Probably the easiest approach, though, is to equip a company's employees with password management software. Such software can generate highly secure passwords and store them, eliminating the memorization problem. These tools can even automatically fill in the right password on a login screen and store other information such as names, addresses, and credit card numbers. (It's true that Mac OS X and Windows have password managers built in, but they're not as flexible as dedicated software, and they don't include password generators.)
Popular password management software choices include Agile Web Solutions's 1Password for Windows, Mac, and mobile devices; the open source KeePass and KeePassX for multiple platforms; RoboForm for Windows; and Ascendo's DataVault for Windows, Mac, and mobile devices.
Once everyone has their passwords (or a way of generating them), experts recommend establishing a "three strikes" policy for login attempts. In other words, once someone enters an incorrect password three times, they're locked out of the system until they contact an administrator. This may annoy some users (especially the forgetful ones!), but it protects your systems against brute-force attacks that need thousands or even millions of attempts to guess a password successfully.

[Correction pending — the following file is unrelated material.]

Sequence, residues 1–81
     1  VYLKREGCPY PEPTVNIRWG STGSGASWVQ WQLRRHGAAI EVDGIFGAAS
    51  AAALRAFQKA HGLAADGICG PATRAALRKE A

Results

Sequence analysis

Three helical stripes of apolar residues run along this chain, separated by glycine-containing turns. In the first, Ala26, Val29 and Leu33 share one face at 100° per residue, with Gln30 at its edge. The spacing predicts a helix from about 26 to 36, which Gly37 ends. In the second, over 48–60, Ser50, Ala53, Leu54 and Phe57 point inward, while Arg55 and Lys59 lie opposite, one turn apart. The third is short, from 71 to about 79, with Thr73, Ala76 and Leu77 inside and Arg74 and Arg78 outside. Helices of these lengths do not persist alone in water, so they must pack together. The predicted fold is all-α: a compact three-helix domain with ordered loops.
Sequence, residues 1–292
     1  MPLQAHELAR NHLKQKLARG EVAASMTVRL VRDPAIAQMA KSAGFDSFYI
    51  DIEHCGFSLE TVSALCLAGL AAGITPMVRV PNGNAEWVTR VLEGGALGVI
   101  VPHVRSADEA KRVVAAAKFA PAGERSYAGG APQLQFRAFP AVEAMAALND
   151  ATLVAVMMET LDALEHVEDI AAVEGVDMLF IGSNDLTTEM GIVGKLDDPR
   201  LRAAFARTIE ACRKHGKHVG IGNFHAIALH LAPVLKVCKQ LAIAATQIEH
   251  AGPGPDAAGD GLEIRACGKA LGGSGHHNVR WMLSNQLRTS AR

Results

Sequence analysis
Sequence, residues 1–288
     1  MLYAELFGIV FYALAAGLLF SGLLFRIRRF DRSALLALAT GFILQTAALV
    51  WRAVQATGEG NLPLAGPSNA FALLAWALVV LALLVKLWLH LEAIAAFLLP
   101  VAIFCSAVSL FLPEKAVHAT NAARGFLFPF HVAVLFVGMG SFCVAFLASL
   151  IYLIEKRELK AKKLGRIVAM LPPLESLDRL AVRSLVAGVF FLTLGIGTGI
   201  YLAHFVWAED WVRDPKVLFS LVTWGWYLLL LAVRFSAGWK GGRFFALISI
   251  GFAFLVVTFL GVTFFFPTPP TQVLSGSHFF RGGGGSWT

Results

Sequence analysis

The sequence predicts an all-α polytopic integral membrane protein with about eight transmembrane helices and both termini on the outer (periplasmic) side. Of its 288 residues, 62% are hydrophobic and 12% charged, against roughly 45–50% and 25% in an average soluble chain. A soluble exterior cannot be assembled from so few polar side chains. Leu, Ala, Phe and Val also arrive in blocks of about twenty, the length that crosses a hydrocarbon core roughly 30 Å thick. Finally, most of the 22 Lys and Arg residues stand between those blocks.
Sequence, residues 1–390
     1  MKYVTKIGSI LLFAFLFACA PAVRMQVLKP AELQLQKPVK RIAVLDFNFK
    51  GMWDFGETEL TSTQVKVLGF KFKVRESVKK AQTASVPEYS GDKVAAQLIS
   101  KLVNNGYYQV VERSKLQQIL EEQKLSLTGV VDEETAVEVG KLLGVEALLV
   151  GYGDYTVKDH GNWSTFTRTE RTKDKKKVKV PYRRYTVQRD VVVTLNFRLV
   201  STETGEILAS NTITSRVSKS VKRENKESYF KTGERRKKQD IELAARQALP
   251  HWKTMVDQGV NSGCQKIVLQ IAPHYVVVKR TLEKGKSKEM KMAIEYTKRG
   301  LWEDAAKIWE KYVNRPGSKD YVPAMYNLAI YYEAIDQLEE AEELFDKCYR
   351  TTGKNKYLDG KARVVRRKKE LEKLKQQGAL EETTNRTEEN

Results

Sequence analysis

Finally, it's worth repeating that some of the biggest threats to password security these days don't come from password-cracking tools; they come from phishing and social engineering attacks. As a result, your business should always train employees to recognize and avoid these kinds of scams. Ultimately, the best solution to password security isn't just a matter of technology, it's also a matter of good training, employee awareness, and plain old common sense.